Trump Administration Slashes Funding for Reproductive Health Through UN Population Fund
The cut represents President Trump's first move to curtail funding for the United Nations.
On Monday, the US State Department announced that it will end all funding for the United Nations Population Fund (UNFPA), the UN agency that focuses on maternal and child health, as well as family planning in more than 150 countries.
As of 2015, the US was the fourth-largest voluntary donor to the UNFPA.
Starting in fiscal year of 2017, the State Department plans to withhold $32.5 million in funding because the UNFPA “supports, or participates in the management of, a program of coercive abortion or involuntary sterilization.”
The cut follows President Trump’s reinstatement of the Mexico City Policy in January that refuses US funding for international organizations that perform or advocate for abortions.
Known by critics as “the global gag rule,” the cut could affect up to 27 million women and couples and is set to reverse huge strides made for women’s health around the world.
In a statement on its website, the UNFPA said it regrets the decision by the United States to deny any future funding and refutes the “erroneous” claim that the organization supports coercive abortion or involuntary sterilization in China.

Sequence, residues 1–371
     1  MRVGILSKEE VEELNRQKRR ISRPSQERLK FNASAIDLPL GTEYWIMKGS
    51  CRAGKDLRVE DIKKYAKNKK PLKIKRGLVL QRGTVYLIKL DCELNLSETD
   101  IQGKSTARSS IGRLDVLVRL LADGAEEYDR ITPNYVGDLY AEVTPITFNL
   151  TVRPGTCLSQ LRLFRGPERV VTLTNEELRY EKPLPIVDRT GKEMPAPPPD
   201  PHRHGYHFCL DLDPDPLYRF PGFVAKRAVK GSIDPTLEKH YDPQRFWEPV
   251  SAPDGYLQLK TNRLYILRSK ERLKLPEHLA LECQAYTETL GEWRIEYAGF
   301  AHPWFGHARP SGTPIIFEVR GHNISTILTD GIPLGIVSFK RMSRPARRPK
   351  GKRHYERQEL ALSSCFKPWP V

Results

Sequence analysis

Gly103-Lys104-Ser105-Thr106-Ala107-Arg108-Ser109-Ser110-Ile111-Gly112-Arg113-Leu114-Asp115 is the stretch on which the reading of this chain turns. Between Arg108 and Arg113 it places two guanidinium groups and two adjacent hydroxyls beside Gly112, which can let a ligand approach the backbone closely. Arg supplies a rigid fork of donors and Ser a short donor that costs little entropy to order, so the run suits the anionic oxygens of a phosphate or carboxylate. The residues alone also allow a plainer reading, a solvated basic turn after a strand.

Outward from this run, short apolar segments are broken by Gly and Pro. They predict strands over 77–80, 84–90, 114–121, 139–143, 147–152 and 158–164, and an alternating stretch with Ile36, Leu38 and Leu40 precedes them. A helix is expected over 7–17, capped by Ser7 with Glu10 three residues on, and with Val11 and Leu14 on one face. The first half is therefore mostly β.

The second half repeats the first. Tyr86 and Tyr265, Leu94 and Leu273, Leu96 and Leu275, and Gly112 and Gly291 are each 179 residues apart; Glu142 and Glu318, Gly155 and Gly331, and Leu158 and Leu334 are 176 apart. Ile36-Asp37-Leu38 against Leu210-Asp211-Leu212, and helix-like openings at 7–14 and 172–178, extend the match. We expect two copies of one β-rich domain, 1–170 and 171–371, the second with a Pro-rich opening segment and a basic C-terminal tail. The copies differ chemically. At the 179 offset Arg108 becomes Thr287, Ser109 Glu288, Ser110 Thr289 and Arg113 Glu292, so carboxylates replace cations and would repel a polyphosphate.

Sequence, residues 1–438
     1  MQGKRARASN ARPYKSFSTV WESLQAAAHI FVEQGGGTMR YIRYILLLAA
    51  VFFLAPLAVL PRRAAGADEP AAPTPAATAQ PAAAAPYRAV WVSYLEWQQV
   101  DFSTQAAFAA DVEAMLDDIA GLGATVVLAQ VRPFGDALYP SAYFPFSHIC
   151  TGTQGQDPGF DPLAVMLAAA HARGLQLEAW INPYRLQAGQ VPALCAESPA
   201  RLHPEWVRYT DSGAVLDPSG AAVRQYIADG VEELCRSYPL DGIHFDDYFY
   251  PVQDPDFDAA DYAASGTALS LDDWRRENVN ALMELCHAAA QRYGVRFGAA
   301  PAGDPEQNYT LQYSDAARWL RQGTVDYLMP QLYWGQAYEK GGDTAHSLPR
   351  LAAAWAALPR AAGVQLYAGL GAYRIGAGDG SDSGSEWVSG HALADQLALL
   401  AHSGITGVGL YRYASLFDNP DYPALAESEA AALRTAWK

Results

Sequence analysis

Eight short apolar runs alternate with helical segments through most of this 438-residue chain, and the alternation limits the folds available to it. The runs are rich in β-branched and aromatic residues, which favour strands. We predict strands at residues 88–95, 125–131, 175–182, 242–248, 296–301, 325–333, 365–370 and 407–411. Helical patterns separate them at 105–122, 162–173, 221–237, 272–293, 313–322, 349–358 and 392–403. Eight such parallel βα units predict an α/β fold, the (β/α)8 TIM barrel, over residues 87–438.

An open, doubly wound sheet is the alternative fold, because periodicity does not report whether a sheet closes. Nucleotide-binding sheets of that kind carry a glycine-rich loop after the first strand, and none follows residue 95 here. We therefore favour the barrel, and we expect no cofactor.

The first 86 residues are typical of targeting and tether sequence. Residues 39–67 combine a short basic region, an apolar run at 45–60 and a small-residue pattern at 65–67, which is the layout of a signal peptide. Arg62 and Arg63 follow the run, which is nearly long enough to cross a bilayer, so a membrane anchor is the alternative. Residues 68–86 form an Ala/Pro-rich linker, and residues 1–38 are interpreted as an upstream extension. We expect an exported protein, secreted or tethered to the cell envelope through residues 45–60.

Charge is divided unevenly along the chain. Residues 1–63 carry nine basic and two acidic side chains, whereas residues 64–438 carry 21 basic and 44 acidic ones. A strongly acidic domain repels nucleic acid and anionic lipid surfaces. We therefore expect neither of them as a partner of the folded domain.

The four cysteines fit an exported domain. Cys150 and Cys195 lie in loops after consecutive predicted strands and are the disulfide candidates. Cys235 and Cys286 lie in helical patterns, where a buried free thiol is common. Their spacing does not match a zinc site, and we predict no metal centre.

Its mission, it clarifies, is to deliver “a world where every pregnancy is wanted, every childbirth is safe and every young person’s potential is fulfilled.”
"The support we received over the years from the government and people of the United States has saved tens of thousands of mothers from preventable deaths and disabilities,” the statement continued. “And especially now in the rapidly developing global humanitarian crises.”
With US support, the UNFPA saved the lives of 2,340 women during pregnancy and childbirth in 2016, according to the agency.
During President George W. Bush’s second term in office, the US pulled $34 million of funding to the UNFPA under the assumption that its presence in China supported the country’s “one child” family planning policy.
The UNFPA said that the funding would have prevented 2 million unwanted pregnancies and the deaths of 77,000 children.
The move is in keeping with a statement President Trump released on March 16, in which he called for a 28% cut to US foreign assistance.
Around 120 retired generals and admirals have weighed in, calling foreign assistance vital to national security. Over 100 faith leaders also joined together to draft a letter in opposition to foreign assistance cuts.
Despite the resistance, President Trump continues to push the agenda to defund foreign aid and funnel that money to the Department of Defense in 2018.
UN officials argue that dollars spent on diplomacy are more effective than military spending in combating terrorism, and that such cuts could trigger further global instability.
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